A state function signature

Hi there. I'm looking for a way to convey:

pub fn event_handler(state: &State, event: Event) -> Option<State>

more like:

pub fn event_handler(state: &State, event: Event) -> State

...which feels more natural... Thing is, the above can't be done as I can't copy State to return it if it hasn't changed. I also want to avoid passing the existing State in by value.

The event_handler conditionally yields a new State. Looking at the Cow type seems as though it may be the go... but it isn't available for nostd which is my world.

Any advice? Thanks.

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I don't understand why this would be true.

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If you at least have alloc, you can use Cow from here:

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You can create your own Cow-like enum without the clone part.

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Can you elaborate what feels unnatural about it? You could always just make a new enum like

enum Transition {
    ToOther(State),
    StayAtSelf,
}

(Self is a keyword, so I couldn't just use that as the name for the variant representing a self transition.)

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Perhaps not ironically, a Transition enum looks just like Option:

enum Transition{
    Some(State),
    None
}
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Because my State has no Copy trait... So to return it, I have to create a new one that I own. At least that's how I understand it. :slight_smile:

Ah ha! I didn't find that before. Thanks!

Thanks. By feeling "more natural", I probably mean, "what I'm used to!". In the JVM world, I'd pass in a state object reference and have returned a state object reference. Thus, the second signature I provided looks more like what I'd expect. That said, what I expect doesn't mean idiomatic Rust at this stage (I'm a newbie to Rust).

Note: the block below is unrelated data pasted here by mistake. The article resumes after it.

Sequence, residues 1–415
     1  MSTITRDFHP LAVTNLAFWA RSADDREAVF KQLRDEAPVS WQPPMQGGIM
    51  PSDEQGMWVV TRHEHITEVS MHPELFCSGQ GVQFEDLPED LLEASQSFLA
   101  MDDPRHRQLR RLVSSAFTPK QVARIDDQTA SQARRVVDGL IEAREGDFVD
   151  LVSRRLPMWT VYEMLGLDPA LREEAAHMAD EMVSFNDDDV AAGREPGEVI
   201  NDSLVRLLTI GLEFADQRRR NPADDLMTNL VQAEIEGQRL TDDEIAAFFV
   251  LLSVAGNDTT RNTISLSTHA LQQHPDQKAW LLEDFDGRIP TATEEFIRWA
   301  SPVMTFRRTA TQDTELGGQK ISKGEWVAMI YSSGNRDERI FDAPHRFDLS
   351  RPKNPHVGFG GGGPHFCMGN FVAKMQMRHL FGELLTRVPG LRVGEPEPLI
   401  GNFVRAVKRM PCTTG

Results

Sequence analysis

Here's what I came up by using the Cow type, revealing some of the implementation too:

pub fn event_handler(state: &State, event: Event) -> Cow<State> {
    match *state {
        State::Idle { ref observations } => match event {
            Event::EntryExitsEmitted => Cow::Borrowed(state),
            Event::ExpectingInsideMovement => Cow::Owned(State::PendingInsideMovement {
                observations: observations.clone(),
            }),
...
        },
...
}

My calling code looks like this:

let mut new_state = prev_state;
for event in events.iter() {
    new_state = event_handler(&new_state, *event).into_owned();
}

In my particular use-case, the events supplied will have a prev_state that's valid and cause Cow::Owned types to be returned i.e. into_owned should never cause a clone to occur in reality.

Thanks for the feedback so far. Happy to take further advice being the newbie that I am.

"Reference" in the JVM world (or, more generally, in most garbage-collected languages) is more like Rc<RefCell<T>> in Rust (or Arc<Mutex<T>>, is they are thread-safe), since they are a kind of "shared-mutable-owned". You can use this everywhere, if you like, but I'm afraid this will quickly make your code very hard to understand.

3 Likes

Sure thing - not trying to reproduce the JVM world here. Thanks.

You could try to make your state cheap to clone by wrapping its non-copyable fields in Arc.

2 Likes